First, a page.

Hemphill Fine Arts presents Willem de Looper, Stained Paintings: 1964 – 1970, from January 17 – March 28 2015.
Hemphill Fine Arts is pleased to announce the exhibition, Willem de Looper, Stained Paintings: 1964 – 1970, opening on Saturday, January 17, 2015, with a public reception from 6:00-8:00pm. The exhibition will remain on view through March 28, 2015.
Paint rushed across Dutch-American Willem de Looper’s taut canvases like mercury, seeking every edge with daring and defiance, jumping with the slightest adjustment of his wrist. This process of staining layers of thinned acrylic paint into unprimed canvas achieved an aura of complete immersion in color – a feeling of weightlessness. He allowed the paint to flow with a vigorous truth to the material. This system stands in stark contrast to the methods of de Looper’s Color School contemporaries, Morris Louis and Sam Gilliam. These artists chose to work on slack, unstretched canvases that shepherded their mediums quite differently.
Willem de Looper graduated from American University in 1957 with a degree in fine art, then served two years in the army stationed in Germany. De Looper’s post-military career brought him to the Phillips Collection in Washington, DC, where he began work as a security guard in 1959. He eventually rose to the position of curator in the late 1970s. His integrity often kept him from seeking representation with galleries that had longstanding relationships with the Phillips. This exhibition offers collectors and institutions alike an unparalleled opportunity to view an elegant group of paintings from the period 1964-1970.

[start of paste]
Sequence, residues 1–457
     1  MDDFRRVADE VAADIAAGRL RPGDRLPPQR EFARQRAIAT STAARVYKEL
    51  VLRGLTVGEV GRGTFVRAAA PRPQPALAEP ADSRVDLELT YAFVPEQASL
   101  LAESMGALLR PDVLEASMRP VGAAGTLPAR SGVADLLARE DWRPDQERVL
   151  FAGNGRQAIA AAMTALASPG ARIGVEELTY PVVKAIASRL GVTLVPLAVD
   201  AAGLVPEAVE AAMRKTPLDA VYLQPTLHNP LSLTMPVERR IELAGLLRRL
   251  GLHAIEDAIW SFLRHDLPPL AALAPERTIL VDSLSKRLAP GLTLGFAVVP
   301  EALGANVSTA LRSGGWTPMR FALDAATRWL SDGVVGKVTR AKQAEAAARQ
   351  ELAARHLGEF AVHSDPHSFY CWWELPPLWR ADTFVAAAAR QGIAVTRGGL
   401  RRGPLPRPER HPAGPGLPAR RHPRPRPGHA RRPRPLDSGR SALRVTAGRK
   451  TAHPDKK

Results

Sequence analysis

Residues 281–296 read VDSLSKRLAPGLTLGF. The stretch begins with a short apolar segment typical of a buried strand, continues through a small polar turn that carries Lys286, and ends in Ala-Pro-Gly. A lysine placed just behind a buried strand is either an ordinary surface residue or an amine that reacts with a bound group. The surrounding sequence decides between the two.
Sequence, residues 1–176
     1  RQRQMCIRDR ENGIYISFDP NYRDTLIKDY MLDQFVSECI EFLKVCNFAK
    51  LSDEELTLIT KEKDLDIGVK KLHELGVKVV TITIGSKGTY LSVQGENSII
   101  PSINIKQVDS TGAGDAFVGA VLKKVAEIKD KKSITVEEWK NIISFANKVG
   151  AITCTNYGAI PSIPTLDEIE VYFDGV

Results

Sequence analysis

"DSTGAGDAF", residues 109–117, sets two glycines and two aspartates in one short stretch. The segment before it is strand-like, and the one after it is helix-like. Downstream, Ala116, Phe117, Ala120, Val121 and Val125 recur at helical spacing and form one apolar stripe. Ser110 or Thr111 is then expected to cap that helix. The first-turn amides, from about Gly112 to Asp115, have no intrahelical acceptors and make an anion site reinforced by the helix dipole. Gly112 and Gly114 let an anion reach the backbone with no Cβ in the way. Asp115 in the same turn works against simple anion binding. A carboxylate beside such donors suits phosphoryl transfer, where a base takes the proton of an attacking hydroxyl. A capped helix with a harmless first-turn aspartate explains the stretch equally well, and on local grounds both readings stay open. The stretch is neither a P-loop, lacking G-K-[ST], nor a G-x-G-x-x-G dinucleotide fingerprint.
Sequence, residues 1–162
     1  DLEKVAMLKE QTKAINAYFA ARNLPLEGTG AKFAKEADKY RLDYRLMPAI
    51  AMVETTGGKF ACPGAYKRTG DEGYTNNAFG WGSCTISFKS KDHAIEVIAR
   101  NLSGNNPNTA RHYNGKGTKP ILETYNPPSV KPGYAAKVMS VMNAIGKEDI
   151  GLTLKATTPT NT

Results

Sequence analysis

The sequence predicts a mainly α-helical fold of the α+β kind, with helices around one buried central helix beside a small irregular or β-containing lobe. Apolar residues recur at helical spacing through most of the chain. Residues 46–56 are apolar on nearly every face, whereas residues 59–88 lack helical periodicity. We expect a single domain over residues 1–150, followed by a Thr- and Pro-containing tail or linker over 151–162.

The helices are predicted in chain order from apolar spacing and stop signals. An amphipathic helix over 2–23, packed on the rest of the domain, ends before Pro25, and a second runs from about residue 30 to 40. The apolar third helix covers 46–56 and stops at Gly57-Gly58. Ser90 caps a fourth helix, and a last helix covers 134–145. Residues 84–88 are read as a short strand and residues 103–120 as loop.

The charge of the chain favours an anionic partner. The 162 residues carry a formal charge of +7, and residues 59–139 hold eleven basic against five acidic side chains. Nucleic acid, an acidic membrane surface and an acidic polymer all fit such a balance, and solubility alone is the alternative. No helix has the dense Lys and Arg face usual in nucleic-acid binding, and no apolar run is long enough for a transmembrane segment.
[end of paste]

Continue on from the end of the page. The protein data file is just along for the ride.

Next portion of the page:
Willem de Looper (1932-2009) was born in The Hague, Netherlands and came to Washington DC in 1950. The artist landed his first solo exhibition at Jefferson Place Gallery in 1966. De Looper has been exhibited and collected by many established museums such as the National Gallery of Art, the Phillips Collection, and the Hirshhorn Museum and Sculpture Garden, among others.
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